An effective way to identify workplace hazards is to conduct periodic workplace inspections. Companies that find and address unsafe conditions through regular safety inspections/audits can reduce the chances of accidents and injuries. This, in turn, will reduce medical and insurance costs and save the company money. Frequent inspections also assist companies in keeping up with compliance, driving continuous improvement, and reducing the likelihood of an OSHA inspection.
As per the CDC’s “Hierarchy of Controls,” once hazards have been identified, they should be addressed in the following order:
- Elimination- the preferable response as it entails completely removing the hazard so that there is no longer the potential for harm.
- Substitution- for example, using green chemistry in a lab so that workers have less potential for exposure to toxic chemicals.
- Engineering controls- this category of hazard response includes any modifications to the workspace and/or equipment to isolate hazards from the workers.
- Administrative controls- introducing training, job rotation, rest breaks, and other such alterations to work performance can reduce the impact of exposure to hazards.
- Use PPE- personal protective equipment should be issued to all workers as a means of keeping them safe when there is no alternative to encountering hazards. PPE works in conjunction with the other methods of response.
Below are 8 tips that all companies can follow to ensure successful job site inspections.
1. Prepare for the audit.
Inspections should never be undertaken without an understanding and plan for how they will be carried out. Determine who will be on the audit team and what personal protective equipment (PPE) will be needed for conducting the inspection. The designated leader of the audit team must “practice what they preach,” ensuring that they correctly wear all necessary PPE and comply with any posted safety warning signs and procedures throughout the inspection.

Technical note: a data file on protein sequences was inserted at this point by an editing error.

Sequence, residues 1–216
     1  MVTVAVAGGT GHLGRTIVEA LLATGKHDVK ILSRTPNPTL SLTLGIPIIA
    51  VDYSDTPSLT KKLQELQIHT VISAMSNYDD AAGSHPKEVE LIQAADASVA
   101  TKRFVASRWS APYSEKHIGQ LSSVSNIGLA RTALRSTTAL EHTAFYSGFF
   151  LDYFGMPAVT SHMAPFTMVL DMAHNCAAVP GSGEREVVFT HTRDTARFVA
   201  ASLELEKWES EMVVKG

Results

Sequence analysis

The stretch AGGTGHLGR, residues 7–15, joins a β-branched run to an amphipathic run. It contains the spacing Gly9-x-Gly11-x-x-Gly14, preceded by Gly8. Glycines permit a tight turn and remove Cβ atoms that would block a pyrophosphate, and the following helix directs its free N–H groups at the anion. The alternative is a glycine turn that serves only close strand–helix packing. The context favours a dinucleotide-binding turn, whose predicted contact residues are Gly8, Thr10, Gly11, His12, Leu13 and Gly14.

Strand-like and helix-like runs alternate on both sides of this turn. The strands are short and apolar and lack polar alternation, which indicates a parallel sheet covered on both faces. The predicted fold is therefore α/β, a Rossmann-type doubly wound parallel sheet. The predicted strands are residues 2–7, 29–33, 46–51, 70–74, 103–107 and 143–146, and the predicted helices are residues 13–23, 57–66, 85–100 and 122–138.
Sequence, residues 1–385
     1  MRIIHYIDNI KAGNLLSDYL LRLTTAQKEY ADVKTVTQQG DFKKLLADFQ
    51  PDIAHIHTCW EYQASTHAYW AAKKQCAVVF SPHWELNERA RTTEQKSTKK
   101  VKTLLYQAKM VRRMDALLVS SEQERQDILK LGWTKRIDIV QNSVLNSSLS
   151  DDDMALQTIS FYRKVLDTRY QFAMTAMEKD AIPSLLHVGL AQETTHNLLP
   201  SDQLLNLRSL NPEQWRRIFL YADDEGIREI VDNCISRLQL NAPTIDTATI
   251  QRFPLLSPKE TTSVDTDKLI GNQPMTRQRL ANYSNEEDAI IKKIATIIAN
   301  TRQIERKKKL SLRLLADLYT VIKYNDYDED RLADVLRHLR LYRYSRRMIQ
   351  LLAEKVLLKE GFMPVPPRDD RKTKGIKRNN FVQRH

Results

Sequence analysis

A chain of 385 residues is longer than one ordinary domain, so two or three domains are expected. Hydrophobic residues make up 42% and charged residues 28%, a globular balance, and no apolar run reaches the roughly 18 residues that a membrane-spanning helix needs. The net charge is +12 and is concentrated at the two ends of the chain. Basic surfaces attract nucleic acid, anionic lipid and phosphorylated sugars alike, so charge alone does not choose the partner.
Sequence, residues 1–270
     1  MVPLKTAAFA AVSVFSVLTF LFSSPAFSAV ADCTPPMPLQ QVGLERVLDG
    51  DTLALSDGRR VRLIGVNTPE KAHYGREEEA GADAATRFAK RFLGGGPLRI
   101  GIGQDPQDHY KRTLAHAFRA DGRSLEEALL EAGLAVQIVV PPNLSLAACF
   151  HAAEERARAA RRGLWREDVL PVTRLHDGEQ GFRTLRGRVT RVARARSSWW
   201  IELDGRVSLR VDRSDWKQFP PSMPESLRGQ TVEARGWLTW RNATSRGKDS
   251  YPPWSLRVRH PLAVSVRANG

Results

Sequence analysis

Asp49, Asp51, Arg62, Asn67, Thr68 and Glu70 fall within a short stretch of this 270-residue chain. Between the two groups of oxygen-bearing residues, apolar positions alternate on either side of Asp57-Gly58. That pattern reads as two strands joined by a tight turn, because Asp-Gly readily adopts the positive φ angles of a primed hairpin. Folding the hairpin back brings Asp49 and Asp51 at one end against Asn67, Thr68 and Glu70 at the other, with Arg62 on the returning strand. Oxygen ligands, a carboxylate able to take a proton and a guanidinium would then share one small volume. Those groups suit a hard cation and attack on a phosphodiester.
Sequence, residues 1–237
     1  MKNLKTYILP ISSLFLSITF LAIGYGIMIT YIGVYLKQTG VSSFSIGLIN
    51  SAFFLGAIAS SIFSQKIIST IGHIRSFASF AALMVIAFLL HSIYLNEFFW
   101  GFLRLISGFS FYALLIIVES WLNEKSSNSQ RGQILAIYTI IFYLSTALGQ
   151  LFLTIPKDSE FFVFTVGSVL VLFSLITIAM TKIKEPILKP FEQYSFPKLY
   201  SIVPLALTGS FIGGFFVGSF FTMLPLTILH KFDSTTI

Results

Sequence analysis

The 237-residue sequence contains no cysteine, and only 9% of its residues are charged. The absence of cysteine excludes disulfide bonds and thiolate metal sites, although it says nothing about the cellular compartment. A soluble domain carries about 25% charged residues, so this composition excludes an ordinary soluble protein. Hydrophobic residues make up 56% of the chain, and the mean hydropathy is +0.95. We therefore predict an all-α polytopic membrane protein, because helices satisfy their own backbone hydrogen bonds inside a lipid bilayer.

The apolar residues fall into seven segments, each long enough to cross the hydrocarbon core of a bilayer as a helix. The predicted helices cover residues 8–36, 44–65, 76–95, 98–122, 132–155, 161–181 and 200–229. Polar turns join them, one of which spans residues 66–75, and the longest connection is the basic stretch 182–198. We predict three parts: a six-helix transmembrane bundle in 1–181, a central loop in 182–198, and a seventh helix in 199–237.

2. Develop a checklist.
A well-developed checklist is key to an efficient and effective inspection. The checklist should account for the job site’s specific requirements, as this will assist in examining the work environment, workers’ tasks, and the machinery/equipment. Following a customized checklist ensures consistent and comprehensive work, regardless of what team members are assigned the role of conducting the inspection.
3. Understand OSHA requirements.
OSHA sets rules and regulations related to workplace safety. These regulations cover industrial operations that range from chemical exposure, PPE requirements, machine guarding, and power tool use. Continuously monitoring the workplace and understanding and following OSHA’s standards go hand-in-hand when ensuring compliance with safety legislation.
4. Review previous reports.
You will find it helpful to review prior inspection reports, injury and workers’ compensation information, previous incident investigation reports, and any recent near-miss incidents. This information will help you to familiarize yourself with what areas, tasks, or activities are the most hazardous in your workplace. Your inspection should focus on areas where previous hazards have been identified.
5. Document findings.
By documenting safety inspections, companies can store important data that is essential to analyzing trends in safety compliance. Technology can greatly aid the process of documenting findings by enabling information to be quickly and easily uploaded into a database.
6. Track important data.
Tracking safety observations will help a company to create safety goals. Once a baseline has been established, improvement can be accurately measured. Recorded data will help in identifying where deficiencies exist and planning out any necessary changes. Utilizing modern EH&S management software makes it easier to document and photograph hazards.
7. Talk to employees.
Psychological safety goes a long way in advancing workplace safety programs. Workers should be given the opportunity to express any concerns that they have about a job task or a piece of equipment or tool that they use. Often employees are the best resource to explain a hazard in the workplace that may be misunderstood or overlooked by the audit team. The way to motivate these critical conversations is for those in authority (e.g., floor managers, safety supervisors, auditors, etc.) to initiate them.
8. Follow up.
Once an inspection has been completed, there may be corrective actions and other essential processes for appropriate follow-up. To keep things from slipping through the cracks, it is important to make sure that actions are addressed in order of priority and accountability is established. EH&S software is an effective tool for ensuring that the corrective and preventative actions have been identified, assigned, and completed.
Using EH&S software to conduct job site inspections can simplify documentation, tracking, and the coordination of teamwork. EH&S software allows a company to document findings, identify problems, ensure corrective actions are completed, increase efficiency, and improve the overall quality of any safety program.
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